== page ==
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Is America Losing the Soft Power Contest in Southeast Asia?

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For 70 years the United States has dominated Southeast Asia with both hard and soft power — the capability to use economic or cultural influence to shape the preferences of others. While its hard power is still dominant and may even grow, its soft power seems to have declined. This decrease is both absolute and relative to that of China — the awakening giant next door to Southeast Asia.

From August 2-8, 2017, ASEAN leaders and their dialogue partners, including China and the United States, held a series of key security meetings in the Philippines. The South China Sea issues were a prominent focus, and the results of these meetings indicated a new low in U.S. diplomatic influence.

The South China Sea issues are important in themselves but one should always be aware of the context in which they are embedded – the contest between China and the United States for dominance in the region. This fundamental security dilemma has now become plain for all to see: an increasingly aggressive China eroding a U.S.-led status quo with an increasingly divided and irrelevant ASEAN. At these meetings, the South China Sea issues were the foil for this titanic geopolitical struggle.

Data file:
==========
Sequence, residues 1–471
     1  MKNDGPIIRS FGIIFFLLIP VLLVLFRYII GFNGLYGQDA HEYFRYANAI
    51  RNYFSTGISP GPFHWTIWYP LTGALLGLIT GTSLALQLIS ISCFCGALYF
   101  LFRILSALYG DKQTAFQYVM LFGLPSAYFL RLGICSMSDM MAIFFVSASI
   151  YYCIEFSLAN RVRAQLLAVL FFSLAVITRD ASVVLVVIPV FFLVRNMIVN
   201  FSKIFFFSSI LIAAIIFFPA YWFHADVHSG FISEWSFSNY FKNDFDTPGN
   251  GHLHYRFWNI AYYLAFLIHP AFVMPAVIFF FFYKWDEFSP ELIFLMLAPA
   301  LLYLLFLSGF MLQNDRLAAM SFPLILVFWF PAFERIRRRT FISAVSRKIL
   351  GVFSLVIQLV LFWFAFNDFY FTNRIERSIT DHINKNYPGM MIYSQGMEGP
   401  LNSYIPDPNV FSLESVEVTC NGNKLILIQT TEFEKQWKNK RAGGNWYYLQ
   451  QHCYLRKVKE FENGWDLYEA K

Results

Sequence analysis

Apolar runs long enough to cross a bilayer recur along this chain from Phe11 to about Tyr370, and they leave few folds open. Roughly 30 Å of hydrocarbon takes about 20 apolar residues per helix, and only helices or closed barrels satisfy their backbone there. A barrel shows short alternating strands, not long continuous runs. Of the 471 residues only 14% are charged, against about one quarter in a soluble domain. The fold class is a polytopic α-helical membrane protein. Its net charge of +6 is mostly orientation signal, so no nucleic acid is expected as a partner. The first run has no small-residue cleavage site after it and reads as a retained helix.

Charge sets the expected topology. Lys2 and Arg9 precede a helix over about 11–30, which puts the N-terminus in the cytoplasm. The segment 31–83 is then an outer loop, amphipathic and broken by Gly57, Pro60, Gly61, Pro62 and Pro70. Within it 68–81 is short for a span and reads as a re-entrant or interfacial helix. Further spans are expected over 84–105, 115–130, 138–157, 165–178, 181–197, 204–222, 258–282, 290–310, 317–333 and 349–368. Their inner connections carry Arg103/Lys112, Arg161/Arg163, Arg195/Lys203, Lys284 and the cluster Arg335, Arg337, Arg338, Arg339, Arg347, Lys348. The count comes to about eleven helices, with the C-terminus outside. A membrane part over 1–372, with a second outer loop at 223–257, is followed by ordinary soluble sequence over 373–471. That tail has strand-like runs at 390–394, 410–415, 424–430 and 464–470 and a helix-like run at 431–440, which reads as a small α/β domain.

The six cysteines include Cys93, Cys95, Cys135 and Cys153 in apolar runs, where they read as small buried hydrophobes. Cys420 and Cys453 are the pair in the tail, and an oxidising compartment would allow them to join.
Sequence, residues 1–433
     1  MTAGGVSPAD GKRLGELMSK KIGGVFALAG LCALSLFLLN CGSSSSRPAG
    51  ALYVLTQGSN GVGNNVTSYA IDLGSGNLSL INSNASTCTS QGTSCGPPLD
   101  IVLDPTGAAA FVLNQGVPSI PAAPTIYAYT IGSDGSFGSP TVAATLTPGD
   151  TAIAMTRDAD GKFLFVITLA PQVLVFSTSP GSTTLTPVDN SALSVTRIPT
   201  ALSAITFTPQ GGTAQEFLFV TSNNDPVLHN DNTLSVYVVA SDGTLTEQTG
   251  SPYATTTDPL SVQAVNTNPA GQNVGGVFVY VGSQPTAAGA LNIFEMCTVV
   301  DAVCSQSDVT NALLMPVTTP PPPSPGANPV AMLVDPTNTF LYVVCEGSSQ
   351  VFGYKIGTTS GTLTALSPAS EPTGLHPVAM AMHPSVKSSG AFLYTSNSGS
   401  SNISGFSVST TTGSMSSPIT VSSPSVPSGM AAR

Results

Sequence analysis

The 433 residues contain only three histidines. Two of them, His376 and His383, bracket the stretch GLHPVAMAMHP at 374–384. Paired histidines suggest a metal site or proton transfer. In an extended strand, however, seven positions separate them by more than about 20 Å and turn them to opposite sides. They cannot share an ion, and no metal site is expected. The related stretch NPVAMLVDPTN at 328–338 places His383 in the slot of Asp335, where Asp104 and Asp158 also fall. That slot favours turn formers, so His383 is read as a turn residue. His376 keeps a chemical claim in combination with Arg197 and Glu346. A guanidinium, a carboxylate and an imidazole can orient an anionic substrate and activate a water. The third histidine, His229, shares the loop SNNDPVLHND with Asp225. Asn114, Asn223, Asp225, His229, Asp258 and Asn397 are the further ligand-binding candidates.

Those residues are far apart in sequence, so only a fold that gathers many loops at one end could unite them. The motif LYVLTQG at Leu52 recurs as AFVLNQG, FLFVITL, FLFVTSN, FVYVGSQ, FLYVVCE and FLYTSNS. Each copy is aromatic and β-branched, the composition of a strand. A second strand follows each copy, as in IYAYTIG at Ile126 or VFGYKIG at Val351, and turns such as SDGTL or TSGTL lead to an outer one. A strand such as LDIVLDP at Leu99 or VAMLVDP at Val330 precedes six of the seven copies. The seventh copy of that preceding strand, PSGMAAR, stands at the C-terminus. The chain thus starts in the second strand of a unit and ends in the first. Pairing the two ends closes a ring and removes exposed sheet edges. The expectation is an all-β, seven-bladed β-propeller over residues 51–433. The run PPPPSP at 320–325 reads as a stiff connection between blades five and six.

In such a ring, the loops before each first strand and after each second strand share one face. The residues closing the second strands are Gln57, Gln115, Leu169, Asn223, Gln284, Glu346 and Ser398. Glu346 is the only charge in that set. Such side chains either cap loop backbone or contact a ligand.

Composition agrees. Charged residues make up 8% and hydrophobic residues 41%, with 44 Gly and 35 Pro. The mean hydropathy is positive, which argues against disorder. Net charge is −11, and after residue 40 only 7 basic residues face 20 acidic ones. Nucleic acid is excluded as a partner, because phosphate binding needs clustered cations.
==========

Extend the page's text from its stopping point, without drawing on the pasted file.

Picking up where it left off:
After some delay reflecting sharp disagreement within ASEAN, the resulting joint communique of the ASEAN Foreign Ministers Meeting strongly favored China’s preferences over its opponents within ASEAN as well as those of the United States. Indeed, according to Philippine analyst Richard Heydarian, “Overall it’s a slam dunk diplomatic victory for China.”

The run up to these annual ASEAN security meetings was marked by heavy diplomatic lobbying by both China and the United States for their preferences. China wanted no discussion or even any reference to its claims or activities in the South China Sea or to the 2016 arbitration ruling against the same. China also did not support any reference to the need for a “legally binding” Code of Conduct (COC) between it, ASEAN, and its members. The United States, meanwhile, strongly supported implementation of the 2016 arbitration decision, as well as a goal of a robust, legally binding COC.

China’s possible legal rationales for its sweeping claims in the South China Sea were rejected by the international arbitration panel last summer. Yet China apparently still........

© The Diplomat